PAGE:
I really want to know who said what. All the time. In real life, and when reading.

Nothing makes me more ticked off with a story than not knowing who’s speaking. And it’s rare anymore for me to read a book where I don’t find places where I have to re-read to figure it out.

Please, don’t do this to your readers. I notice it happens most often near the end of a story when things are winding down, answers to questions are provided, and lots of characters are talking. Just when you really don’t want to stop to figure out who’s saying what. Did the writer get in a hurry and leave off the attributions? Did the author figure that her characters’ voices were so clear by now the reader would automatically know who was talking? (Doesn’t happen with me, and I’m sure I’m not alone in that.) Has the writer bought into the idea that writing “he said” or “she said” is breaking a rule?

See, you don’t want me wondering about this when I’m reading your story. You want me to glide through it, to never have to stop to puzzle out something as simple as “who said that?”

I’ve been reading and writing for a long time now. A decade or so ago a very popular author suggested that a simple “he said”/“she said” was the best way for the reader to know who was talking. This was suggested instead of using modifiers or such attributes as “he hissed,” or “he growled,” or said with an adverb: “she said softly,” or “he said loudly.” This decade, someone else “ruled” that you should not only not use attributes at all, but instead use small actions to show what the character is doing and thinking and feeling while speaking. Thus, you may notice a heck of a lot of coffee being drunk now in what you read. Or tea. It’s so easy to use “Jenny took a sip of coffee” that many writers do use it. Over and over again. After Jenny takes a sip of hers, John answers and adds cream to his. How does this add one bit of information or interest to the story? It doesn’t. Instead, it’s distracting. Not only that, there’s a set up when the coffee if brought by the waitress, or made by one of the characters, or even simply poured.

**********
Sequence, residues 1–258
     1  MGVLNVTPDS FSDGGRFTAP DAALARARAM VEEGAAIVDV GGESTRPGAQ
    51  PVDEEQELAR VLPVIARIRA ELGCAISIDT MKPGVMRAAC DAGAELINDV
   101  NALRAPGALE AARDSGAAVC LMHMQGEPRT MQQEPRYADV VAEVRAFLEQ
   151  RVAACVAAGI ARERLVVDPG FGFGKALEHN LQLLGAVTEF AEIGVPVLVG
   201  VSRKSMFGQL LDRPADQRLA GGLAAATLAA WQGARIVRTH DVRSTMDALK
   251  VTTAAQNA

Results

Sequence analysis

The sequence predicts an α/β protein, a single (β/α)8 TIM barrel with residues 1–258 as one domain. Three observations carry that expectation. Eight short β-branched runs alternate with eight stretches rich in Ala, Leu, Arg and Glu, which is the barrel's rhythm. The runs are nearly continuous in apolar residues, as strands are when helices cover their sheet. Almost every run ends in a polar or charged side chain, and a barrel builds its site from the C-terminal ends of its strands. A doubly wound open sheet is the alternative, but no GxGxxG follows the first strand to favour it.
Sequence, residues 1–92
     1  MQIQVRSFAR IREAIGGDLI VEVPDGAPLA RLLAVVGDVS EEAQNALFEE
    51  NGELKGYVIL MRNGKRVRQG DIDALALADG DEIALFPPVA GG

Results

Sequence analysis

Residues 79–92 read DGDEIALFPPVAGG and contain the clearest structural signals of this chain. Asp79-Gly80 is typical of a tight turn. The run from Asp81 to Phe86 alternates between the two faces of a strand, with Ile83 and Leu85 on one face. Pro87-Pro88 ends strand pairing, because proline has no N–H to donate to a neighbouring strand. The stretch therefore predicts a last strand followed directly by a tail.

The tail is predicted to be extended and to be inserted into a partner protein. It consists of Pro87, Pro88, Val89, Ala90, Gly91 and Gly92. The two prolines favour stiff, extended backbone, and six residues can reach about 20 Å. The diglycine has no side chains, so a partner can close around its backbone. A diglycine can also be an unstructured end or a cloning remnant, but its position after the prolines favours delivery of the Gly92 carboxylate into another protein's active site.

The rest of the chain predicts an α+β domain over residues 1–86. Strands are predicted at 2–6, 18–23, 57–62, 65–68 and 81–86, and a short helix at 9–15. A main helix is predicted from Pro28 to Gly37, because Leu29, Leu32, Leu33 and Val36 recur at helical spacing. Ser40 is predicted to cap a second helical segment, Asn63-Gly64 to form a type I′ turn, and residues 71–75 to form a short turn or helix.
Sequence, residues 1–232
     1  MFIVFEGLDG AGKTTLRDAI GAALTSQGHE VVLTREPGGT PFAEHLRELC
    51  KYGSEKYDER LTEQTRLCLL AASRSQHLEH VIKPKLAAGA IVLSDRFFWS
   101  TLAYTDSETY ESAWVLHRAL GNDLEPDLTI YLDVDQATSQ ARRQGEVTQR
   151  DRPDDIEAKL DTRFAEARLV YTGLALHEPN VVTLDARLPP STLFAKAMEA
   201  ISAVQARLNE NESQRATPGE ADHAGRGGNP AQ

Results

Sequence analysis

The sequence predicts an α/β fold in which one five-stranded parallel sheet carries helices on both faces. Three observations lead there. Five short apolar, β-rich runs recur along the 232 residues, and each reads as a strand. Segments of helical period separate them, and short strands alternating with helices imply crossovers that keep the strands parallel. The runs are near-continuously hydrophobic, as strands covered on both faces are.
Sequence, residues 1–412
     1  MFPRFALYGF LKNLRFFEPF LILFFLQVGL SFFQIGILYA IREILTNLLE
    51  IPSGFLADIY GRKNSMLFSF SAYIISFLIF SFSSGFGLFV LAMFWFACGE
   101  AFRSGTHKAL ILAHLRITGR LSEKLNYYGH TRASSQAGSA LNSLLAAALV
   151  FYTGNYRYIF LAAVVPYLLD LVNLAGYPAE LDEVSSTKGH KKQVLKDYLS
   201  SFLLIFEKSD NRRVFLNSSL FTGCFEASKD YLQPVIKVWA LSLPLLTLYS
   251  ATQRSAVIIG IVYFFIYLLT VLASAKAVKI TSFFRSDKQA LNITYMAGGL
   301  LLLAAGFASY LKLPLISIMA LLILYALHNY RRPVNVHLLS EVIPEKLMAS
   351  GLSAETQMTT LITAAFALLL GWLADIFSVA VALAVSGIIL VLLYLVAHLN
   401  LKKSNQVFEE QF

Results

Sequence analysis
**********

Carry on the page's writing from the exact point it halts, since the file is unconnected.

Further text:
What to do? Mix it up, of course.

  1. Have some characters use certain tics to show they’re upset, impatient, or some other emotion (fingering a necklace, tapping a pen, etc.).
  2. Have the occasional character hiss (be sure there’s some “s” sounds in the words he utters, however) or roar or whisper.
  3. Occasionally use small actions, being sure they add to the story. If John is waving his arms around because he’s upset and knocks his coffee into Jane’s lap, we now have something of interest happening. What will Jane’s reaction be?
  4. Use “he said” or “she said” when you want fast action along with the dialogue. Any reader older than ten is used this and won’t even notice. But they will miss it if they cannot figure out who is speaking.

 And they will be ticked. Trust me on this.

One more bit of info. With e-readers, things can get even worse when the attributions are left out because of wonky formatting. Which is exactly what happened to me just before I wrote this rant, I mean, advice. Near the end of a novel by an extremely famous and popular writer, she left out a “he said” when the formatting got messed up (big NY publisher, too) and two paragraphs ran together. Or I think they did. I had to go back to re-read it because at first I thought one person was speaking, but when I got about four or five paragraphs further with no attributions and two characters speaking, I thought it might have been the other character. I’m still not sure I ever got it right. There was a small action in there, but it didn’t help identify the character speaking. In fact, it made it harder to figure out. What do you suppose I’m going to remember the most about this novel?

Takeaway—be sure your reader knows who is speaking every single time. If in doubt, for heaven’s sake, drop in a “he said” or a “she said.” Readers will thank you. This reader will even bless you.